Daniel Blackwood has witnessed a couple of big changes since he started working as a delivery driver for Gold Star Foods, the food distributor for the Los Angeles Unified School District (LAUSD), three years ago. For one, the quality of the cafeteria food is better. Read more
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Before I became a journalist, I worked for years in food service. None of the jobs I had paid particularly well. At one coffee shop in a gentrified San Diego neighborhood, I realized I had a better chance of being struck by lightning then getting a raise or benefits so I got fed up and took my complaints to the owners, but they fell on deaf ears. I quit soon after in search of more lucrative work.
I was lucky. Many of the six million people working in the lowest-paying sector of the American economy—the restaurant industry—aren’t in a position to search for something better. In her new book, Forked: A New Standard for American Dining, Saru Jayaraman, cofounder of Restaurant Opportunities Centers (ROC) United and director of the Food Labor Research Center at University of California, Berkeley, shares no shortage of case studies about people trying to survive on meager wages in food service jobs with little or no mobility. Read more
It takes serious sisu to grow food in Michigan’s Upper Peninsula. Sisu is a Finnish word—the peninsula has more people of Finnish descent than any place outside Finland—that translates roughly as fortitude or stoic persistence. It appears on bumper stickers and souvenirs around the U.P., as the region is known. A deep reserve of sisu is a requirement just to get through a U.P. winter, let alone to make a living by farming. Read more
In the summer of 2015, public interest attorney Melanie Gleason took her legal services business on the road.
The 33-year-old-lawyer had just been sworn in to the Massachusetts bar and was ready to start practicing, but was concerned about the significant lack of legal resources for farmworkers and others in rural communities, and decided to go about filling the gap. Read more
With its focus on dense, whole grain breads, smoked fish, berries, and a high percentage of plants, Denmark’s Nordic diet has been called “the New Mediterranean diet.” Now, it seems that we might also benefit from studying the nation’s larger structural choices when it comes to making food.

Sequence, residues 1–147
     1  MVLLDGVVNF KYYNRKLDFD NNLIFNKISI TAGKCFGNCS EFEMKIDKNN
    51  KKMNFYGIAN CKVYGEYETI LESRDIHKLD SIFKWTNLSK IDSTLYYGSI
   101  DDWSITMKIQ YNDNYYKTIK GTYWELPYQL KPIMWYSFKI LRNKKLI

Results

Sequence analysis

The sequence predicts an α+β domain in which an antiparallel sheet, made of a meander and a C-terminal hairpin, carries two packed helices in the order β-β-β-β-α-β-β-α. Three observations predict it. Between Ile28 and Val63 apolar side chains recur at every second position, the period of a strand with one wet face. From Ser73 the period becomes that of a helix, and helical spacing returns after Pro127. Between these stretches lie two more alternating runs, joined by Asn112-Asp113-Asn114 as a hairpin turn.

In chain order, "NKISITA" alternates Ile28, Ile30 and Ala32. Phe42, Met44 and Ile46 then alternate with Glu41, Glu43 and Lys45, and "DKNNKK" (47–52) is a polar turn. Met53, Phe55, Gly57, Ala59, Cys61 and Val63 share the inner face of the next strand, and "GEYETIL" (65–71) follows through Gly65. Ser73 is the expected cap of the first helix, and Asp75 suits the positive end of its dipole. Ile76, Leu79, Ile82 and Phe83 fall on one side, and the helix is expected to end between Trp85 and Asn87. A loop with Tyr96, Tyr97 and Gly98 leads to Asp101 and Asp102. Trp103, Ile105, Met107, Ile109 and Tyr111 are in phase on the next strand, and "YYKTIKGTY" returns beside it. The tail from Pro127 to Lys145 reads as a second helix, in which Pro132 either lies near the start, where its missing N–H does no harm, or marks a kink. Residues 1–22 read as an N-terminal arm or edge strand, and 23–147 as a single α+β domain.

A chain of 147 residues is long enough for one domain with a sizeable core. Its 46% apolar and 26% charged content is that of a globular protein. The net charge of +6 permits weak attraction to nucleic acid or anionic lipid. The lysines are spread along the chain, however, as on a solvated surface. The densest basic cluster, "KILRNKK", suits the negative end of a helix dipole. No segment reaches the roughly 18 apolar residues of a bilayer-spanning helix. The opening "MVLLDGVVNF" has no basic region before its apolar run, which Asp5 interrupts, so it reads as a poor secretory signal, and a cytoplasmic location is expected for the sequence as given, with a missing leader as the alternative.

From food waste reduction to better treatment of both animals and people working in the its food industry, here are some lessons that the U.S. could afford to learn from this small northern European nation. Read more
Kyle Barnett was a rising star in the restaurant world. The Culinary Institute of America graduate had cooked at a farm-to-table restaurant and eventually landed a high-paying gig as a personal chef at a high-end art studio—a dream job for many. But despite this upward trajectory and his lifelong love affair with food, Barnett says that by 2012 he was just going through the motions. He wanted more. Read more
The holidays are a busy time—but many of us also paradoxically read more this time of year, thanks to travel, time off, and a slowed-down inbox. If you’re looking for your next big read or a gift for a food-minded friend, look no further. We asked our editors and contributors to recommend some of the books they enjoyed most this year. Read more
When Eric Schlosser pitched Fast Food Nation to publishers in 1999, they balked. No one would buy a food book that didn’t include recipes, they said.
Schlosser eventually found a publisher willing to take the leap and today, 15 years and more than two million copies later, Fast Food Nation has proven that there’s an appetite for powerful investigative reporting about the journey our food takes to get to our plates. Read more